Under her “adult” name (Lilith Saintcrow), Lili St. Crow has written two adult series involving paranormal heroines (Dante Valentine and Jill Kismet). But when the author turns her sights on the YA market, she brings the same kind of fist-in-your face action and briskly moving plot with constant life or death stakes.
I really like the heroine in this series. Dru Anderson is a girl I could have known and liked back in high school. She knows the real score and is tough but vulnerable. A girl who’s able to take care of herself in a smashmouth situation, but still thinks and acts feminine. Even down to the way she gets mad at the two guys working with her in Strange Angels.
The set-up is familiar, of course. All of these paranormal-girls-against-the-dangerously-weird are going to run close to the same source, but St. Crow proves herself over and over as a storyteller with a lot to say and a way of moving a story along.
Dru has a lot of mysteries in her life. The foremost is what happened to her mother all those years ago, and how she got to be chosen as one of those hunters who chase the dark things through the night and the shadows. And there’s the matter of those strange “hex” powers that get stronger and stronger nearly every day.
I’m not giving anything away by mentioning that Dru’s ex-Marine dad gets zombified at the beginning of the the book because readers get that from the back cover copy. But I do wish I’d gotten to hang out with him more. The father/daughter relationship seems really solid and I can’t help feeling I missed out on a lot of great adventures and family stuff.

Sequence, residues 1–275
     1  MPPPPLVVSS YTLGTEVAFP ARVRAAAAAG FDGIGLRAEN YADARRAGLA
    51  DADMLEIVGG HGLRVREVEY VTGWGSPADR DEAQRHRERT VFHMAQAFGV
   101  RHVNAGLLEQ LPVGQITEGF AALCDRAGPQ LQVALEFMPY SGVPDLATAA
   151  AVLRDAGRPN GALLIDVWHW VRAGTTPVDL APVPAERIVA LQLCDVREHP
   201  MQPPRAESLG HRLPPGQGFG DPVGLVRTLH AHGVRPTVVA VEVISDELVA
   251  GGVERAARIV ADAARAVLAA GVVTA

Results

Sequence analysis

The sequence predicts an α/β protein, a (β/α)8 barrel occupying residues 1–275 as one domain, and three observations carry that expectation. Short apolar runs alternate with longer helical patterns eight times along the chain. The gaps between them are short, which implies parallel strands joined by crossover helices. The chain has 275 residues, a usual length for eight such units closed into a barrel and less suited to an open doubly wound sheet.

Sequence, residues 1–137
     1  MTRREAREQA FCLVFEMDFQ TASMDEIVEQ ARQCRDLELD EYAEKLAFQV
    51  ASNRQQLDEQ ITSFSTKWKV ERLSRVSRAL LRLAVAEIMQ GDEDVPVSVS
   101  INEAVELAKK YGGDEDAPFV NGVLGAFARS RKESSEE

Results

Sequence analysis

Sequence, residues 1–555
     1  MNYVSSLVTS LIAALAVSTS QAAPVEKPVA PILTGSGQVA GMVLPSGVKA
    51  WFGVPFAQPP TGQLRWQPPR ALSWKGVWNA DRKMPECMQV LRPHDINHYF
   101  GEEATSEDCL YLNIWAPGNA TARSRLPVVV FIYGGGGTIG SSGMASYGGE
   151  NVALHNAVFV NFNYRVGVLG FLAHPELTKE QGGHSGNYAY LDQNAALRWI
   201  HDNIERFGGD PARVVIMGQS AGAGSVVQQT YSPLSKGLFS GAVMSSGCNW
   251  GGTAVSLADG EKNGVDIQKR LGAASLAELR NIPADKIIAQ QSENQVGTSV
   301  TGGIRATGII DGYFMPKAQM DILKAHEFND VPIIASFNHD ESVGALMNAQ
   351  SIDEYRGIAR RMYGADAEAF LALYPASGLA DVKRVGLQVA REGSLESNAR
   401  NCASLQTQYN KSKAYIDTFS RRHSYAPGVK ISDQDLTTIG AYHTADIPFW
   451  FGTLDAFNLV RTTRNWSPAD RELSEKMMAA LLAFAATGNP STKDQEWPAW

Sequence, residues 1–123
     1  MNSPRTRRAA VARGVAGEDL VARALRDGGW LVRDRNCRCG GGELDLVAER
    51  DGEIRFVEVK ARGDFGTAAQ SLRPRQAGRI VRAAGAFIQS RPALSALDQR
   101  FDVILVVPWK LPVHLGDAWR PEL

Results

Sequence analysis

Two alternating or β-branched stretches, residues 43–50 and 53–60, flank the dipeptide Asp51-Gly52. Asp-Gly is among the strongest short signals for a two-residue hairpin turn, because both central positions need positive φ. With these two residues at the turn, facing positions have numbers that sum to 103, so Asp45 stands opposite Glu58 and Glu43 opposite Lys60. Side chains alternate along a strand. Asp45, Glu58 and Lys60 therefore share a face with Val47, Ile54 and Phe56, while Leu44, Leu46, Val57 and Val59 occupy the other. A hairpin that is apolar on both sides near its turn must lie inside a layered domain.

The loss of Dru’s dad is just the tip of the iceberg, though. Apparently all of the stuff Dru never learned about herself is coming home to roost all at once. The magnification of her powers and abilities is a magnet to everything evil creeping around the city.
Graves, the cool homeless kid who befriends her and takes care of her, is a good character and I can’t wait to see him develop with all the changes (literally) that he’ll be going through. Christophe is equally interesting, and he has at least as many secrets as Dru has.
St. Crow has done a good job of world-building as well. I like the idea of “wulfen” and “suckers,” although these are just substitutes for werewolf and vampires. But there are other weird things lurking out there that she’s only now giving us a peek at. I also like the fact that the book takes place in the middle of winter with snow all around instead of the typical balmy summer day. The weather provides great atmosphere.
I will say that the language is full-on adult. Several f-bombs get dropped along the way, and the 9-12 crowd needs to know that Strange Angels isn’t a gentle read. The young teens to early twentysomethings (as well as several adults) will hunker down and read this one practically in one sitting. And be anxiously awaiting the second in the series coming in November – not soon enough!Powered by Sidelines